My Philosophy of Education is based on my understanding and perception of:
How people learn.
What I consider as best practices to help students learn.
The needs of the individual learner through differentiated instruction and pedagogic strategies.
My personal teaching style.
Food for Thought: The following video outlines the need for a paradigm shift in education.
I have based My Philosophy of Education on the following four principles:
Researched-based Learning Strategies
Students learn more when they are active participants in their own learning. In order to create a student-centered classroom, my role must be one of a facilitator to student learning. By incorporating projects and activities into the curriculum, students take charge of their own learning. I have found the following principles beneficial :
Constructivismis the principle of learning in which students construct their own meaning of a topic through exploration, discovery, and prior knowledge of the topic of study.
Project-based Learningallows students to use their own creativity and imagination to answer the essential questions of the unit. Projects allow for alternative ways to evaluate student performances; rubrics play a major role in assessing student achievement and success.
Metacognition is the process of thinking about one's own thinking, and it is an essential skill for all life-long learners. Journaling and reflection exercises will help students to think about their own learning.
Student-centered classrooms have become increasingly important in the Information Age. This information-rich world demands that students develop the abilities to evaluate and discriminate information as essential skills in becoming productive, informed citizens.
The following diagram makes clear the advantages of placing students at the center of their classroom.
Food for Thought:
The following video explains the benefits of project-based learning
Scientist and researchers in the fields of Educational Psychology and Neuroscience have made major advances in understanding the nature of learning and how the brain learns. I have found the following theories to be particularly helpful.
Howard Gardner's Multiple Intelligence
Carl Jung's Learning Styles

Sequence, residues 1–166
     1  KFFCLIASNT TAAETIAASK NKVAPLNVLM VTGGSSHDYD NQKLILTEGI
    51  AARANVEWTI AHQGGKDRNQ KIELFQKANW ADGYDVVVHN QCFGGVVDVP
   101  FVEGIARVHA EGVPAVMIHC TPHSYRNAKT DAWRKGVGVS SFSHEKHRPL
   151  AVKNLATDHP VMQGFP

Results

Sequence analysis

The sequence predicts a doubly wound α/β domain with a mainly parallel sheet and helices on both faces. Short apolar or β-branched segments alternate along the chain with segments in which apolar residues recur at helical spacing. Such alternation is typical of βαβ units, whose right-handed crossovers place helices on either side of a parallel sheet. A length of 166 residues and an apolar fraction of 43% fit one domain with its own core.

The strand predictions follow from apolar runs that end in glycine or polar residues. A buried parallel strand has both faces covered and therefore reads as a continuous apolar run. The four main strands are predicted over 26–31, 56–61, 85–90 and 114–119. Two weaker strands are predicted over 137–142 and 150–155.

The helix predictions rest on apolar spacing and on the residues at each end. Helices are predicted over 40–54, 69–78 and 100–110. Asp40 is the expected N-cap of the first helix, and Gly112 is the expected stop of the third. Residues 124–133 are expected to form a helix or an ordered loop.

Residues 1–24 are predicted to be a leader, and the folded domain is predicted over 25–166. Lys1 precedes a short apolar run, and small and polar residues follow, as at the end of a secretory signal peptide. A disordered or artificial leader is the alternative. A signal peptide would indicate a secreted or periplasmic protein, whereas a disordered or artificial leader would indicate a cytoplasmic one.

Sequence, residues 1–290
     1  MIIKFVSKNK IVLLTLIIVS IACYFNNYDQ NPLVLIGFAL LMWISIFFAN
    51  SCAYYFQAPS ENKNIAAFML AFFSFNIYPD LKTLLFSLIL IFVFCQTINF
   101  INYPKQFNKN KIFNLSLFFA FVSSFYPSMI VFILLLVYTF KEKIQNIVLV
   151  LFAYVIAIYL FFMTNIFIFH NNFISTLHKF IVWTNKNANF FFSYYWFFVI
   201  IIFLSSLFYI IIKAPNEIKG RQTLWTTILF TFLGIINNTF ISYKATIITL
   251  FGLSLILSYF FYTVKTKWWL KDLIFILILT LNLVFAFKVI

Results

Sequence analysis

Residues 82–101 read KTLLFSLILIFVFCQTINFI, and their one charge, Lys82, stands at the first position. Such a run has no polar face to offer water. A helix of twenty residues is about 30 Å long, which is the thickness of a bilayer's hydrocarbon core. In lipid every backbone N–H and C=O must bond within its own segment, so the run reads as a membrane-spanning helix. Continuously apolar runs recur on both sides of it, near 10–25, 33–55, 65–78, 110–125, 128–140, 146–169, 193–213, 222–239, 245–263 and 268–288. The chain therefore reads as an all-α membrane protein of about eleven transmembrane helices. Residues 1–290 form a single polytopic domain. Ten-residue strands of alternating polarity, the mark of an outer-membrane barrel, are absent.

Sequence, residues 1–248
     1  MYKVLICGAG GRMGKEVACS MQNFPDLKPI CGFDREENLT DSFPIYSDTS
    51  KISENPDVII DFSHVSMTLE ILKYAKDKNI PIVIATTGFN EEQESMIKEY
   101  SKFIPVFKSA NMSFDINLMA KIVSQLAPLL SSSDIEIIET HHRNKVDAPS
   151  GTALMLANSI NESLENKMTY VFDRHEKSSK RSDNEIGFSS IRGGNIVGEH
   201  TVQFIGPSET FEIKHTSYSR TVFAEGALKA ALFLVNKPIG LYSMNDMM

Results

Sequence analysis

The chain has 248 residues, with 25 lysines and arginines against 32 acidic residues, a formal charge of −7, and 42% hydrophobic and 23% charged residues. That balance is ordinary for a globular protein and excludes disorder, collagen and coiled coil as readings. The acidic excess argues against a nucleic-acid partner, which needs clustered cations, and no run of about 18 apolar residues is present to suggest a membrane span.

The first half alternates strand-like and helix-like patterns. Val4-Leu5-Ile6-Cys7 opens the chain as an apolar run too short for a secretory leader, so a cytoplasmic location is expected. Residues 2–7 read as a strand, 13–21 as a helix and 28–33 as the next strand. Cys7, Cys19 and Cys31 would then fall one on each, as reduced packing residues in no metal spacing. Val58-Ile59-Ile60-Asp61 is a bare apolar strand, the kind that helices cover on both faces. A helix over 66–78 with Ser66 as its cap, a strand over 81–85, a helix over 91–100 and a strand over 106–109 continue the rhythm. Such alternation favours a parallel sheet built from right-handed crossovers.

Benjamin Bloom's Taxonomy
New studies in Brain-based Learning
The brain is a powerful tool. It has been pre-programmed to learn, and by tapping into those pre-existing capabilities, teachers can assist students in reaching higher levels of learning and understanding.
Standards-based education is a growing movement in education and for good reason. It aids both students and teachers to know their destination before they begin. Students learn best when they are provided with clear objectives and learning goals. I use the following methods to create a Standards-based Curriculum:
Overall Objectives: These are the big, lasting (over-arching) concepts that students need to acquire (understand) by the end of a unit. These core understandings and enduring knowledge promote higher-order thinking, and they prepare students for the next level of learning.
Essential Questions: These are the guiding questions that students need to answer along the way to understanding the overall objective. Students' responses to these questions allow them to demonstrate their understanding of what they have been studying.
Power Standards: This is when standards are grouped together, or 'chunked,' into a meaningful scenario or project. In this way, students are presented with multiple standards in a meaningful context.
The body of human knowledge is expanding at an astonishing rate. The total volume of information on the planet doubles every 18 to 24 months! (Thornburg: 1998, 13) Therefore, it is impossible for an individual to keep up with these rapid changes. Also, it is no longer practical or feasible to expect every member in a society to share a large body of similar knowledge. This reality requires a significant change in education. Educators must transform from teaching a set of factual-based knowledge to the development of sets of skills that can be applied to a wide-range of situations.
As early as 1991, business leaders and employers , stated in the the Secretary's Commission on Achieving Necessary Skills (SCANS) Report, that in order for future employees to be competitive in the global marketplace, they need to posses a set of fully developed skills upon their entrance in the workforce. (See the SCANS Report below.)
Here is a list of skills that will be emphasized in this course.